You have to admire the sheer gall of a man who defends compulsory national service on libertarian grounds. Pascal-Emmanuel Gobry does so in this month's Cato Unbound. What really got my attention was this bit: Libertarians think it’s legitimate for the state to use violence to take people’s money. If you don’t think taxation is … Continue reading A Libertarian Case for Compulsory Military Service?!
A moral dilemma from the popular TV show "Breaking Bad" illustrates a critique Amartya Sen made of Robert Nozick's Anarchy, State, and Utopia and the reason why the refutation fails. In On Ethics and Economics, Sen makes the following critique of Nozick's libertarian philosophy (heavily paraphrased because the book has yet to be unpacked, and … Continue reading Sen, Nozick, and “Breaking Bad”
Matt Zwolinski of Bleeding Heart Libertarians has written an excellent series of posts on the libertarian justification of property rights. Here's the latest. The first and most important thing to note about both Locke and Nozick’s arguments is that, unlike utilitarian arguments, they are individualistic rather than collectivistic in nature. For the utilitarian, all that … Continue reading Matt Zwolinski on Property Rights
Here are the essay questions from the final exam I gave in "Introduction to Political Philosophy" last semester. How would you answer these questions? 3.1 Rights to Property Answer one of these questions. 1. What is John Rawls’ “difference principle,” and how does he defend it? What are its implications for the welfare state? Is … Continue reading My Introduction to Political Philosophy Final Exam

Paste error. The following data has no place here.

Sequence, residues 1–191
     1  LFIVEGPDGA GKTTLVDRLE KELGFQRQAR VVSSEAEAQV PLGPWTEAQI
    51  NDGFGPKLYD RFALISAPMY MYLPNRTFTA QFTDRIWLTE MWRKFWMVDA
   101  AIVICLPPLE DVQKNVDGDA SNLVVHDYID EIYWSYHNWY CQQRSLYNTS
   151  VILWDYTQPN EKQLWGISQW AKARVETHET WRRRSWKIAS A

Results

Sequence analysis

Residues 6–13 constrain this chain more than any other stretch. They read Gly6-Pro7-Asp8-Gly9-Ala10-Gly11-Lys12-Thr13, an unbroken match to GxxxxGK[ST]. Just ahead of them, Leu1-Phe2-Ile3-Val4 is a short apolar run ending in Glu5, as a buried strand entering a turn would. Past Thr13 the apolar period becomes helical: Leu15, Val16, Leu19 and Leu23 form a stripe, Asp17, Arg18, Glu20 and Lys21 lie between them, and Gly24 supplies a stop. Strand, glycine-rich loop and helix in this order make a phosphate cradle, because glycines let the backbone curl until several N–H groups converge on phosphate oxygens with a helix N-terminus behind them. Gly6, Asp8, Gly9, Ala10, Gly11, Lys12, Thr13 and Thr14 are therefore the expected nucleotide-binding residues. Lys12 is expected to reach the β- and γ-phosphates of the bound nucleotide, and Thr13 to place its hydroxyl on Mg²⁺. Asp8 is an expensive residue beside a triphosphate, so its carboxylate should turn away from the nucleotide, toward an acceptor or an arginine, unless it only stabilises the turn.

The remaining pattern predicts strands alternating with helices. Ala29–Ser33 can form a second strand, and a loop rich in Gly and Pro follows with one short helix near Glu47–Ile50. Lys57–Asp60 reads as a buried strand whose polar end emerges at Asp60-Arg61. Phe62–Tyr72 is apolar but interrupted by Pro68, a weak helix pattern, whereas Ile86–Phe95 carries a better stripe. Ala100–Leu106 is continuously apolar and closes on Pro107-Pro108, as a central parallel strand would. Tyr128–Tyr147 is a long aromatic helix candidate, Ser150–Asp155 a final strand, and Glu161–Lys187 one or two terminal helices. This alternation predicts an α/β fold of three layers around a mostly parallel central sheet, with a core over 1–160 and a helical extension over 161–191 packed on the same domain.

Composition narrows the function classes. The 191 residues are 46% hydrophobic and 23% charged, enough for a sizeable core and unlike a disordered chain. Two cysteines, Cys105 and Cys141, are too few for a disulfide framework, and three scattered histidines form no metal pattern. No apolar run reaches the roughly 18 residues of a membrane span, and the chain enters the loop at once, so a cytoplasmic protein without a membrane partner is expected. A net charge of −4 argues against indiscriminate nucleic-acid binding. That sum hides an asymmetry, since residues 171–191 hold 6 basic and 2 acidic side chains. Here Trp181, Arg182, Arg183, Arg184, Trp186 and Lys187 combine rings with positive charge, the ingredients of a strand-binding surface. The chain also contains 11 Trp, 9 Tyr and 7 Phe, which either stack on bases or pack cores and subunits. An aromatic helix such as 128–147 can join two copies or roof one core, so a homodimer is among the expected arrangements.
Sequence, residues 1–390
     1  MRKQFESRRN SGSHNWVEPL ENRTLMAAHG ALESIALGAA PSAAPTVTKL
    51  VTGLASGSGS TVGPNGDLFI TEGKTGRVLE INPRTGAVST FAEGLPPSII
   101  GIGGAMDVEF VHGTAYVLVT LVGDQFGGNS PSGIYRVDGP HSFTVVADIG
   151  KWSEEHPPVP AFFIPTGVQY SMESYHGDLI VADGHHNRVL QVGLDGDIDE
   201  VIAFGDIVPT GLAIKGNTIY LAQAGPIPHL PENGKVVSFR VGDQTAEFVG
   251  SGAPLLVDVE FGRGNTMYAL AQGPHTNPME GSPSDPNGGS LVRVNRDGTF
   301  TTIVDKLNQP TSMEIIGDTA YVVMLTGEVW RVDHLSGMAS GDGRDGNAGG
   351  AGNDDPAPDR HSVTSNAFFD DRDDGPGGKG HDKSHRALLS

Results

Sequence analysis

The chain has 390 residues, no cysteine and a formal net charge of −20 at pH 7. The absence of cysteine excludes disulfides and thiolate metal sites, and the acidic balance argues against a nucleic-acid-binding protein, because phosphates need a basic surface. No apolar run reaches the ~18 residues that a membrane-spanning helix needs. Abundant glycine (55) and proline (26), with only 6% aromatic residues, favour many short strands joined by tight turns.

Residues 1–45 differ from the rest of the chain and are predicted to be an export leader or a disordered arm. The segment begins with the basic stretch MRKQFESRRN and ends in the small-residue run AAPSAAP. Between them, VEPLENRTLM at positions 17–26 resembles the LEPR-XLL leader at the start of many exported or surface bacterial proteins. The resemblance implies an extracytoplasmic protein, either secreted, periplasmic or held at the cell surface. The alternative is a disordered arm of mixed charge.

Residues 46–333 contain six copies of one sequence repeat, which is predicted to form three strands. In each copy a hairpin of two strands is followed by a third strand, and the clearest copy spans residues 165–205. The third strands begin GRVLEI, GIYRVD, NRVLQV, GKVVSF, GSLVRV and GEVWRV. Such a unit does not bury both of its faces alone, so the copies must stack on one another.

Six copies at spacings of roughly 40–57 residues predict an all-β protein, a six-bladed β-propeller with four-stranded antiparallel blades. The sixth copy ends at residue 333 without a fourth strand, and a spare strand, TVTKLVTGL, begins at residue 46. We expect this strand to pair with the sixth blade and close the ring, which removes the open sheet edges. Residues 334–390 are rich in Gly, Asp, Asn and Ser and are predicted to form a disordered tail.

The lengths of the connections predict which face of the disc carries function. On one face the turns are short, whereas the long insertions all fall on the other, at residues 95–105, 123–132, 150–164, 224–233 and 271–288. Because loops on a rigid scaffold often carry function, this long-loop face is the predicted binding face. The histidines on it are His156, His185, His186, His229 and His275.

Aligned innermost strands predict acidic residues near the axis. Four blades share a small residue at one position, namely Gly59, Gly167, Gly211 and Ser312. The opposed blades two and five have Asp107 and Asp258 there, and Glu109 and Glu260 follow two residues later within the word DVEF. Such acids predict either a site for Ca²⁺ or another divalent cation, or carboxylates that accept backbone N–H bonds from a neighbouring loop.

Matt Zwolinski and John Tomasi have a thought-provoking piece entitled, "A Bleeding Heart History of Libertarianism," in the latest Cato Unbound. They criticize postwar libertarians (specifically mentioning Mises, Rand, and Rothbard) for seeing property rights as absolute and, in their view, regarding the welfare of the working poor as irrelevant to moral justifications for capitalism: … Continue reading “Neoclassical Liberalism,” Property Rights, and Capitalism
Andrew Breitbart has posted a video (HT: Phil Arena) showing liberal, pro-income-redistribution students rejecting out of hand the concept of redistributing grade point averages (GPAs) from the best-performing students to those less fortunate, saying things like "It's not fair" and "I worked for my grades." Does their position constitute hypocrisy, and does this experiment show … Continue reading Redistribution of Grades
If one believes that animals have some moral worth but lack rights, then consuming them without any real need might be worse than not eating them - or even morally wrong.
The distinguishing characteristic of classical liberalism from other liberalisms is its view of property rights. On the classical liberal account, a distribution of property is just if it is a consequence of just transfer, where transfer is generally just if and only if voluntary or appropriately compensatory for wrongs. As Nozick noted, this unpatterned, "side … Continue reading Property and Serfdom
1. Matt Ridley. The Origins of Virtue (and Adam Smith's Theory of Moral Sentiments) 2. Robert Nozick. "The Genealogy of Ethics" in his book Invariances. I would enjoy hearing Sven's thoughts on these three pieces, not to mention anyone else tuning in to Pileus. Invariances is among the most difficult books I have ever read. Fortunately, … Continue reading A couple of reading suggestions given the Wilson-Jesus86 debate
No, I'm not talking about silent leftist professors. Indeed, most professors - myself included - have trouble staying silent whether they are on the left, right, or anyplace else (I'm not a big fan of the left-right spectrum, btw). I'm talking about two separate but interesting posts by Thomas C. Reeves. I don't really know who … Continue reading Silence and Leftist Professors